Blackbird
In your shoes

And our faces, my heart, brief as photos

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I don't know when the doll collecting started. One of the standing dolls has a note on the base that reads "from Brad,  Japan, 1975," which tells me it was a gift from one of my brothers the year I was born. Another bears a piece of tape on her foot reading "Lali and Eppie, Norway, 1988" -- a gift from my grandparents when I was thirteen. Some are porcelain dolls, some are plastic. One is a carved wooden man in a garment of rabbit fur -- I think he is Inuit in origin, and must have come from a parental trip to Alaska -- but the rabbit fur disintegrates in my hands when I pick him up.

There is the big porcelain doll in an off-white muslin dress whom I remember naming "Suzette" when I was a child, because I thought that sounded French; did my parents get her for me on a trip to France, or did I just think the name sounded sophisticated? There are two cloth dolls that my parents got for me when visiting China in the mid 1980s.  There are two cloth dolls that we bought in Amish country when I was nine, as we were driving to New York for our big year in the city -- they wear simple garb, and their faces are blank because of the Scriptural prohibition on graven images.

Four of the dolls, in varying sizes, are wearing Czech traditional dress. My mother was born in Prague, and returned there several times. Did she bring these dolls in hopes of giving me some kind of connection with the folklore and heritage of the place where she was born? When I was 18, we went to the Czech Republic (by then no longer called Czechoslovakia) with my grandparents. It was their final trip abroad. Their memories were already beginning to fail, but we visited the street where their apartment had been when Mom was born, and my grandfather's medical school alma mater. 

Both of my parents were collectors. My father collected matchsafes, and my mother collected silver napkin rings. I suspect this doll collection was started for me when I was born, though my father won't remember, and I can't ask Mom now. I know that everyplace where they went, and everyplace where my grandparents went, they would bring back a doll for me -- ideally in local folkloric costume -- and sometimes a children's book. I still have some of the children's books on my bookshelves: fairy tales in French, The Little Prince in Polish, a bright sturdy pop-up book in Czech.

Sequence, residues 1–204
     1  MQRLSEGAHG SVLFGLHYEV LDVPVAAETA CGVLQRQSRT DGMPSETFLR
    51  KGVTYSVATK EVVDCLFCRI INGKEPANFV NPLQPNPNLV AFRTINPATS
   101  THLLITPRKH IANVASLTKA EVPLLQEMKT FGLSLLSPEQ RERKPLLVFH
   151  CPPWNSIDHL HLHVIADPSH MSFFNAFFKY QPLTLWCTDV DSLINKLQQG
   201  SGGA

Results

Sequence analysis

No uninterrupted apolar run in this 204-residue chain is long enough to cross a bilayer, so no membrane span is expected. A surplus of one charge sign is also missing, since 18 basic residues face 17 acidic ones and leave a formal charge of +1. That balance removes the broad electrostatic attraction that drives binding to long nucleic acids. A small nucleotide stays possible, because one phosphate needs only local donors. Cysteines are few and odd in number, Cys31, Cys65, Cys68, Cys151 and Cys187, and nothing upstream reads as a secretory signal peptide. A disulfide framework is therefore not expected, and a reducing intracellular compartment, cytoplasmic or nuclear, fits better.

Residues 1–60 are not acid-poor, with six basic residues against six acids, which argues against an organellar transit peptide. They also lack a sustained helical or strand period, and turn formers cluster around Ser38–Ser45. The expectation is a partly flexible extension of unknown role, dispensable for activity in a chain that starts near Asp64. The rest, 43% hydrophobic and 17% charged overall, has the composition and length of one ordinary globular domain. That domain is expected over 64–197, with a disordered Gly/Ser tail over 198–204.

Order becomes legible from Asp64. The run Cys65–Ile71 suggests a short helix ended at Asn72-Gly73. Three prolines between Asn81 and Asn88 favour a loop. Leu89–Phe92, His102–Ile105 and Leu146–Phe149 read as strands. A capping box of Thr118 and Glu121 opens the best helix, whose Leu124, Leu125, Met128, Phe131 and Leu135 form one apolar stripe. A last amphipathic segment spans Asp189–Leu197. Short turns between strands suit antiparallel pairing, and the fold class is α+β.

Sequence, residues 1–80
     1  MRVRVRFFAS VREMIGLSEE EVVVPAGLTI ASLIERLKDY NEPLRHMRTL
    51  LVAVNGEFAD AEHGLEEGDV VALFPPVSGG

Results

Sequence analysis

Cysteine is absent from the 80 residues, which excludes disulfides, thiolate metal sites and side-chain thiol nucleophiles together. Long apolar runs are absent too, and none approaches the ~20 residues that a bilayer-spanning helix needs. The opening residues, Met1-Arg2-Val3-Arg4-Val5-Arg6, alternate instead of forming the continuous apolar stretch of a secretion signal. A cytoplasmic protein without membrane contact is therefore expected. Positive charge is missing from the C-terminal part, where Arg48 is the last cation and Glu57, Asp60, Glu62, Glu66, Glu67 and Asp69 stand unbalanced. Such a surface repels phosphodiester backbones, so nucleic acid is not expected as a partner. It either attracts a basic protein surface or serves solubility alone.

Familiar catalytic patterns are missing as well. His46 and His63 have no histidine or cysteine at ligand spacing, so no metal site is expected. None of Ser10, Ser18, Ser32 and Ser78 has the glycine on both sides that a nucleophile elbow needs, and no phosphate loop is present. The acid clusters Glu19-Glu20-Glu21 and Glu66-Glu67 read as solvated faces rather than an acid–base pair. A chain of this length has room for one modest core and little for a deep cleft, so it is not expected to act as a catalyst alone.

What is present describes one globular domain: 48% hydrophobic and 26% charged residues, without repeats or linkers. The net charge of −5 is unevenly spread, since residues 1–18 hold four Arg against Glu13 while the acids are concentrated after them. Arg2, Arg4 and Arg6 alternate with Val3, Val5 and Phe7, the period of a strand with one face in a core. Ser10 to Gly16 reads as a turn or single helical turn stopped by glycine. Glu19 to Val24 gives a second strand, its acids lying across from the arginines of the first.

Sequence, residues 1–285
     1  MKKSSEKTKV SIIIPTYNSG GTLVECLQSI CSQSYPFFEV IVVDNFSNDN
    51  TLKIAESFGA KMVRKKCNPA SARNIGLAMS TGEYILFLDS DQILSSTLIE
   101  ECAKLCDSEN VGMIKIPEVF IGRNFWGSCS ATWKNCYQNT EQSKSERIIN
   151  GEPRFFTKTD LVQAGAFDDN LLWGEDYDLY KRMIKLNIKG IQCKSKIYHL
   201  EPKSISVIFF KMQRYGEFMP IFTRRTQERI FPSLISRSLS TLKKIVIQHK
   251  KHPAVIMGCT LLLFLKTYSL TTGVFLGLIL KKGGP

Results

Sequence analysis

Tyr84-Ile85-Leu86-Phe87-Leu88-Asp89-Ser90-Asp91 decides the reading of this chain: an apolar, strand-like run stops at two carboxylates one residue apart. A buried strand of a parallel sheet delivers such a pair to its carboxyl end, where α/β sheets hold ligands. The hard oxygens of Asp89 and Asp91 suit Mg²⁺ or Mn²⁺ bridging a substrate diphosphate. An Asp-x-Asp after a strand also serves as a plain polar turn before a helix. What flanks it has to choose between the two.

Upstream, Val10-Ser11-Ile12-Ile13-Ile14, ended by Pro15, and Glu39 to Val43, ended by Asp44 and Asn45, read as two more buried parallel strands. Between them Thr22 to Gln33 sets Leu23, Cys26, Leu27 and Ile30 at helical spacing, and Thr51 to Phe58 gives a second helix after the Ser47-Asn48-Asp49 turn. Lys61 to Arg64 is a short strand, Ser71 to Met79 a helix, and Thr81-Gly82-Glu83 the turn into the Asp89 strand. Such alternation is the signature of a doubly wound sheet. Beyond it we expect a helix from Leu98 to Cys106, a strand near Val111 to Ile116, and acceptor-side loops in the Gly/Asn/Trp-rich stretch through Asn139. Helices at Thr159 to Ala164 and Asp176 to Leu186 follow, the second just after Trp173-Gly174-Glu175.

Some of these are dolls that seem intended to be played-with. They are made of fabric and stuffed, or made of plastic that is soft to the touch. Some have fragile, breakable porcelain faces and hands and feet: dolls meant to be admired rather than cradled or dragged around by a child. Seeing them all assembled together, I'm struck by their assortment of faces, by their eyes and expressions. They represent probably twenty years' worth of my parents and grandparents thinking of me when they were far away, choosing something to bring home to show me where they had been. 

My parents shipped me the dolls shortly after I married. It didn't feel right to display them in my marital home, so they were relegated to the basement. They've been boxed up for more than twenty years. I wish I could look through them with Mom again now. I wish I could ask her where each one came from, what she was thinking when she chose them, what she wanted them to teach me or to say to me: about the richness and diversity of world cultures, or about the fact that even when my parents were traveling the globe, they were thinking of me at home. But that time has passed. 

We never know what questions we will wish we had thought to ask until it is too late to ask them. 

 

Title borrowed from John Berger.

 

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